EMV chip has strong security features that have been proven to reduce counterfeit card fraud at card-present retail environments. The PCI Data Security Standard (PCI DSS) provides other complementary levels of security necessary when the cardholder information reaches the merchant’s system. The PCI DSS contains 12 key technical and operational requirements. Rather than focusing on a specific category of fraud, the PCI DSS seeks to protect cardholder and sensitive authentication data anywhere this data is present within the payment eco-system, thus limiting the availability of this data to fraudsters. When used together, EMV chip and PCI DSS can reduce and enhance the security of the payments ecosystem.

If you have any system questions or concerns, contact the CCS Retail Systems Support Department at 800.672.4806 or email us.




What is the proven impact of EMV adoption on payment card fraud?

Sourced From EMV Connection 

What is the proven impact of EMV adoption on payment card fraud?

Countries implementing EMV chip payments have reported a decrease in card fraud. As an example of the impact of EMV, the UK Cards Association has reported a dramatic reduction in fraud since the introduction of EMV cards.
“Fraud on lost and stolen cards is now at its lowest level for two decades and counterfeit card fraud losses have also fallen and are at their lowest level since 1999. Losses at U.K. retailers have fallen by 67 percent since 2004; lost and stolen card fraud fell by 58 percent between 2004 and 2009; and mail non-receipt fraud has fallen by 91 percent since 2004.” Similarly, the national roll-out of EMV in Canada in 2008 had a dramatic impact on fraud. Losses from debit card skimming in Canada fell from CAD$142 million in 2009 to CAD$38.5 million in 2012, according to the Interac Association[i]. Interac debit card fraud losses as a result of skimming hit a record low in 2013, decreasing to $29.5 million.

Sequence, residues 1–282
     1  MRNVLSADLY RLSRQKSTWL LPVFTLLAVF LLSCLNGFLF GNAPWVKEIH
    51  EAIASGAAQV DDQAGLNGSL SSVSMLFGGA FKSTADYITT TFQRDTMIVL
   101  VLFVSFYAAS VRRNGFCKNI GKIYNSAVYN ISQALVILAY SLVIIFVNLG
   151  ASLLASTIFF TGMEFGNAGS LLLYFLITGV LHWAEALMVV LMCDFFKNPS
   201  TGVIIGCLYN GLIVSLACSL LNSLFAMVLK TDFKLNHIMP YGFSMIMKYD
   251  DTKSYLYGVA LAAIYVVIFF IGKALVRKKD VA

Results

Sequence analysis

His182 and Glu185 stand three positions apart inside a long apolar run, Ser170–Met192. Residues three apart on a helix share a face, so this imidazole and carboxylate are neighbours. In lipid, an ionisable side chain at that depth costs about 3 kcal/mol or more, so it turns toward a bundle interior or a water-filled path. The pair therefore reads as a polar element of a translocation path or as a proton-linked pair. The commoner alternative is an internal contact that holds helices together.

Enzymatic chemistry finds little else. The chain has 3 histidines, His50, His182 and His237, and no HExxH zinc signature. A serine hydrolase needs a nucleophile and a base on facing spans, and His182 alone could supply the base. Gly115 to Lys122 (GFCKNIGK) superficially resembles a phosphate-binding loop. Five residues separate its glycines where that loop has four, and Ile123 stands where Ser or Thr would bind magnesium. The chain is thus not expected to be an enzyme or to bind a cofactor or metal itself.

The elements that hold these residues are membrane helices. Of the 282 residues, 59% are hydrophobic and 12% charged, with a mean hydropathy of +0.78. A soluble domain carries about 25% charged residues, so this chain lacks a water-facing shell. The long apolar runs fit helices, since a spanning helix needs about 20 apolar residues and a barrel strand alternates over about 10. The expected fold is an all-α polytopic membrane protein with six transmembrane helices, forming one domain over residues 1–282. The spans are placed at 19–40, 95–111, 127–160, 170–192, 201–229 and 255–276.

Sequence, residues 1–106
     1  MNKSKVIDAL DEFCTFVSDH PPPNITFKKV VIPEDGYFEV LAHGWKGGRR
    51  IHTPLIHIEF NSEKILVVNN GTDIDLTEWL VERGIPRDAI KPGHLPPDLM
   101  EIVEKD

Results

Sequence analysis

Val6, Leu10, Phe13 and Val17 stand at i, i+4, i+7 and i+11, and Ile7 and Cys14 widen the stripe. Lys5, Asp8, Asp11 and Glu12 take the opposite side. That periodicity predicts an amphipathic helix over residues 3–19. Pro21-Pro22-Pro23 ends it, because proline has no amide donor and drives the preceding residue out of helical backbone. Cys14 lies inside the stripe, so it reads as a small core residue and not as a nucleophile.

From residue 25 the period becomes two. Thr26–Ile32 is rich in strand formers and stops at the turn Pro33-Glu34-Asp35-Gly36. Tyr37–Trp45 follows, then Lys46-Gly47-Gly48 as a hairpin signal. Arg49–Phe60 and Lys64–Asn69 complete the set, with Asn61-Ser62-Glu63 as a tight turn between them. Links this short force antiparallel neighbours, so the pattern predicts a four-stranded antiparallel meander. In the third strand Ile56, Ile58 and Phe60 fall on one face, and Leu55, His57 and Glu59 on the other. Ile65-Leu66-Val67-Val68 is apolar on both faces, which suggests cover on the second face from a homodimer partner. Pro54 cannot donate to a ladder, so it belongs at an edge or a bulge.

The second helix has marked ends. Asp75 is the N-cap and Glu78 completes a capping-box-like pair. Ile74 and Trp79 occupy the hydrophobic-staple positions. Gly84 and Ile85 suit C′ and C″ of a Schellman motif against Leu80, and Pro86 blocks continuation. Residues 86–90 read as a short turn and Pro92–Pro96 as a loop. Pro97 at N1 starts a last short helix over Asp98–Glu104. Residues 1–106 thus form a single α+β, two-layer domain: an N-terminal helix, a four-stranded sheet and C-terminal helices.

The experiences of the U.K. and other countries that have adopted EMV have shown a reduction of domestic card-present fraud. But their experiences have also shown a migration to other types of fraud, namely card-not-present (CNP) fraud and cross-border counterfeit fraud (particularly ATM fraud). Fraud migration offsets some of the savings from the decrease in domestic card-present fraud. This reality reinforces the need for a layered approach to security, even with EMV deployment, to address fraud migration and other security vulnerabilities.